Chennai, Aug 1 (IANS) The Indian life insurance industry is expected to log a growth of 15 to 18 per cent this fiscal on an annual premium equivalent (APE), said a senior official at credit rating agency ICRA.
Presenting the performance of the life insurance sector at a webinar on Tuesday, Karthik Srinivasan, Senior Vice-President, ICRA, said that, on APE basis, the industry’s new business growth stood at 19 per cent last fiscal over the previous fiscal.
APE is the total premium after normalising the policy premiums into equivalent of regular annual premium. Life insurers also sell single premium policy and normally 10 per cent of that is taken to compute the APE.
Srinivasan said the industry is expected to log an APE growth of 15-18 per cent this fiscal.
Queried about the negative APE growth percentage, Srinivasan told IANS: “The 19 per cent APE growth last fiscal was sort of an aberration. In FY16, the APE growth was only 11 per cent. Hence on a conservative side, I have put the APE growth between 15-18 per cent.”
The paper analysed the performance of 11 life insurers (comprising LIC and ten companies from the private sector) collectively representing around 95 per cent of the industry-wide new business premium in FY2017.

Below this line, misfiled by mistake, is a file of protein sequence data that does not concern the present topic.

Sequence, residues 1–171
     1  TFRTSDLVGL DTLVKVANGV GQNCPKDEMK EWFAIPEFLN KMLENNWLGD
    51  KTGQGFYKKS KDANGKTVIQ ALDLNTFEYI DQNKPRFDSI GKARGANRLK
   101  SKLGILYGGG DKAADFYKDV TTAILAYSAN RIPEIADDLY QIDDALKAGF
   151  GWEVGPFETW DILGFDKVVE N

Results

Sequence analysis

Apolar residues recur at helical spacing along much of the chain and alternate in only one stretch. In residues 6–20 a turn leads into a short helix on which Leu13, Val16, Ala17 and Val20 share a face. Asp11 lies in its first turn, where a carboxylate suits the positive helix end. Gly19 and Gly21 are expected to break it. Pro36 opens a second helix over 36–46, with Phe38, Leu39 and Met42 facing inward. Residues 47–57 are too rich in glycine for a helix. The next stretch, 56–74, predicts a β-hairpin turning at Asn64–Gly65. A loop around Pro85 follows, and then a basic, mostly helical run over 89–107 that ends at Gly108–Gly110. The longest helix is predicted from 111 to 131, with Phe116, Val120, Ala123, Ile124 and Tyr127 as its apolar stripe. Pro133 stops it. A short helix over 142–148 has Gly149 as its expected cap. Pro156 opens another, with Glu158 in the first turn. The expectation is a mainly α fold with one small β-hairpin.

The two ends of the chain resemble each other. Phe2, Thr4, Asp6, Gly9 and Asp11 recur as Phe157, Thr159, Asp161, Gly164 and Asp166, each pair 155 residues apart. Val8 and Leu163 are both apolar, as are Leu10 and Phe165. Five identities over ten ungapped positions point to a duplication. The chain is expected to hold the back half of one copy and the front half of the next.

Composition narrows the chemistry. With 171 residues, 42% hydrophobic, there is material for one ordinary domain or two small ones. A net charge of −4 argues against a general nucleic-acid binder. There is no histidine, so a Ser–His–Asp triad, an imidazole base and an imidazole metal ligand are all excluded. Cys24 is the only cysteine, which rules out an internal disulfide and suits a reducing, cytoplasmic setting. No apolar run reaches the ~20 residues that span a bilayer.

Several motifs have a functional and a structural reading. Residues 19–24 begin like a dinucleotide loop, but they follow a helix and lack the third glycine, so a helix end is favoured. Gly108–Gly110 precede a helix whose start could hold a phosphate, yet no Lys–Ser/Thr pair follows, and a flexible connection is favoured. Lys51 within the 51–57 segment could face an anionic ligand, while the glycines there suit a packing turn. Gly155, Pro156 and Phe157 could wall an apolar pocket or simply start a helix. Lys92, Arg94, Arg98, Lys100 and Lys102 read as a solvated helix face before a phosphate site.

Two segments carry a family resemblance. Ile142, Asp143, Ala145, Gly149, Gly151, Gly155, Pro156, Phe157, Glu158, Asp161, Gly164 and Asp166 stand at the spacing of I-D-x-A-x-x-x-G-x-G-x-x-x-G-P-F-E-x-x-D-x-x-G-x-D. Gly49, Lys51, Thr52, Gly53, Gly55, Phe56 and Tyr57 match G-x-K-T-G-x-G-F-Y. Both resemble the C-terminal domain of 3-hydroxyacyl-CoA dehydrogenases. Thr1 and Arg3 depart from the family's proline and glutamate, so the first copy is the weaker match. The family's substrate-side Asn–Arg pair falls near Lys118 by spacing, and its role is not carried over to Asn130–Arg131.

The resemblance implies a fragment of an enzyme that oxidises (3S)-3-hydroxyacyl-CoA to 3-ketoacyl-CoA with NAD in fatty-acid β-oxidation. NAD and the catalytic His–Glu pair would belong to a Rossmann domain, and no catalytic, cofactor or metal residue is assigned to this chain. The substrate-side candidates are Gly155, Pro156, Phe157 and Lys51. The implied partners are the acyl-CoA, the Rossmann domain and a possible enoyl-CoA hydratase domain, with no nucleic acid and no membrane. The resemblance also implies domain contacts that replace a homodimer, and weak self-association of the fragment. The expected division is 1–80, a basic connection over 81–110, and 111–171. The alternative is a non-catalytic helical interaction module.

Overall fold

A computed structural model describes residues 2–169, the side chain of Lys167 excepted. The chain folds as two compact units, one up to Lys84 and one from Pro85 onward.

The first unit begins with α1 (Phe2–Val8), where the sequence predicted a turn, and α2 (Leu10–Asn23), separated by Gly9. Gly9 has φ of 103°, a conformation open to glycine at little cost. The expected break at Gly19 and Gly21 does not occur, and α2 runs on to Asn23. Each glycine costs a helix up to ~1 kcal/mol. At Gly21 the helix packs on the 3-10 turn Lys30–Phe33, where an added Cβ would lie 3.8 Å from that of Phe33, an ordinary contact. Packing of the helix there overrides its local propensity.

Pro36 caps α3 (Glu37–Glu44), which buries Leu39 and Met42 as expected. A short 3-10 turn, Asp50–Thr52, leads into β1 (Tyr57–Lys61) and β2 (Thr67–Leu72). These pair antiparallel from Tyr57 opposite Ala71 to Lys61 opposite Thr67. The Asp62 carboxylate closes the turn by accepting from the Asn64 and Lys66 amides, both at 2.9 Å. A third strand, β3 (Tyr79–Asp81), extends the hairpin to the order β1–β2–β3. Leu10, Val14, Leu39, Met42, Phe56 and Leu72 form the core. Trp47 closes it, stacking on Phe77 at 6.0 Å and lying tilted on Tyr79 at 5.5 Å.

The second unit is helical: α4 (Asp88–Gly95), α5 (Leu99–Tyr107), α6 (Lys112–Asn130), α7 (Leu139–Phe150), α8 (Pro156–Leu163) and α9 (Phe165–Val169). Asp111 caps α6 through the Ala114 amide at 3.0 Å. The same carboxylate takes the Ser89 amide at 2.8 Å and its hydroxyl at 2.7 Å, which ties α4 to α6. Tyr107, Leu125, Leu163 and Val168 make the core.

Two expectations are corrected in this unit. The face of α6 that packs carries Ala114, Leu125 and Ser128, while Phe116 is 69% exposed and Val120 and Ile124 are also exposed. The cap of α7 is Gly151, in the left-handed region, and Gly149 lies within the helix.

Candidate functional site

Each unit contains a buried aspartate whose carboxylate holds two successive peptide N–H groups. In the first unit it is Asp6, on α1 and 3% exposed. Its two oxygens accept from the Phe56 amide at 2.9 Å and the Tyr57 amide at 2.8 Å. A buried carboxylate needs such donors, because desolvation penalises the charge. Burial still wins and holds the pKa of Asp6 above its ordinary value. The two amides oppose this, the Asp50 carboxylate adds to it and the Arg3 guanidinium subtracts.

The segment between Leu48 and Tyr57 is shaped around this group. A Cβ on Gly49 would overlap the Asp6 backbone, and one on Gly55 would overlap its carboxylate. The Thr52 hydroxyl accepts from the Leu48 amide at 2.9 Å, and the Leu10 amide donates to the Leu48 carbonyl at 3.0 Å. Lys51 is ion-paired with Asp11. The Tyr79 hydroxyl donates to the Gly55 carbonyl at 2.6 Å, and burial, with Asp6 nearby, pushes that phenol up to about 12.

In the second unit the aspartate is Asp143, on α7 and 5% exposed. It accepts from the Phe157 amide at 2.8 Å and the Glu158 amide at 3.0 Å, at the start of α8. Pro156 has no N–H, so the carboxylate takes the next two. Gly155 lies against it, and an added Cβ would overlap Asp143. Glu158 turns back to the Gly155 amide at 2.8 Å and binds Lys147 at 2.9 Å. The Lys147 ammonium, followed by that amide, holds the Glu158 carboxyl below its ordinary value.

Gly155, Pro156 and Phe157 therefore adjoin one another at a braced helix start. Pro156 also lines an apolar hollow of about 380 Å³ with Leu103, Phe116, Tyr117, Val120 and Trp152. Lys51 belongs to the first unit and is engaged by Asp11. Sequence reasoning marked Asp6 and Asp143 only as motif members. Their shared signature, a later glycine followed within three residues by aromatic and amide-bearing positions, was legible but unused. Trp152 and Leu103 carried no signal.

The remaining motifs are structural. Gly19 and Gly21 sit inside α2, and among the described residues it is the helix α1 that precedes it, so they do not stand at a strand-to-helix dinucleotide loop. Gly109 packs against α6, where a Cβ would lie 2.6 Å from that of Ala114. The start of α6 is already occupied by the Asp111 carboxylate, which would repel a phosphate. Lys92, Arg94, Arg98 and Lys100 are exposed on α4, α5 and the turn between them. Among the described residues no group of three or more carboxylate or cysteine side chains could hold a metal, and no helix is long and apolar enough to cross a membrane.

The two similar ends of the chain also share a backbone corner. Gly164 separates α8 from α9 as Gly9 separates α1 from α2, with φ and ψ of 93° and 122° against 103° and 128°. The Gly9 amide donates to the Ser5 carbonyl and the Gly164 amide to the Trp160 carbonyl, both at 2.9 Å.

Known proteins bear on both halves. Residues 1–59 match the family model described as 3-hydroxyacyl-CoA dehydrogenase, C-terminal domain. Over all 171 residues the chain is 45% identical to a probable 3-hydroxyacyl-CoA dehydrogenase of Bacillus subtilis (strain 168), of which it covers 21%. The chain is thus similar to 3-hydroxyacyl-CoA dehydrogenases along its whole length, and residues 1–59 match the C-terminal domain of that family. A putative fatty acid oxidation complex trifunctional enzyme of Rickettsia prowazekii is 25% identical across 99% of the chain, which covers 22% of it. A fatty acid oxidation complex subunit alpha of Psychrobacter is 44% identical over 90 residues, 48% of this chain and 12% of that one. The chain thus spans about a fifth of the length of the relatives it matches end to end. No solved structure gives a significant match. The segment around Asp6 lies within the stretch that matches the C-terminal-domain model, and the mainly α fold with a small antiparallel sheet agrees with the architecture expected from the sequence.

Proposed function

He said despite the adoption of technology for various parts of policy issuance and servicing, the cost structure of life insurers has increased during the nine month period of last fiscal.
“This increase in expenses is partly on account of higher administration and employee related expenses, as the industry looks to build for a scale-up,” Srinivasan said.
He said the solvency levels for the life insurance companies look adequate with the median solvency levels for the ten private layers analysed at 2.3 times as on December 2016 as against a regulatory minimum of 1.5 times.
Srinivasan said the solvency levels would decline over a period of time as life insurers scale up the mix of traditional products.
He said the companies can grow their business without raising external equity capital over the near to medium term.
“They also have the flexibility to raise Tier II bonds to bolster the regulatory solvency levels. However, higher capital raise at the industry levels would help the industry raise more risk capital and aid in greater insurance penetration,” he said.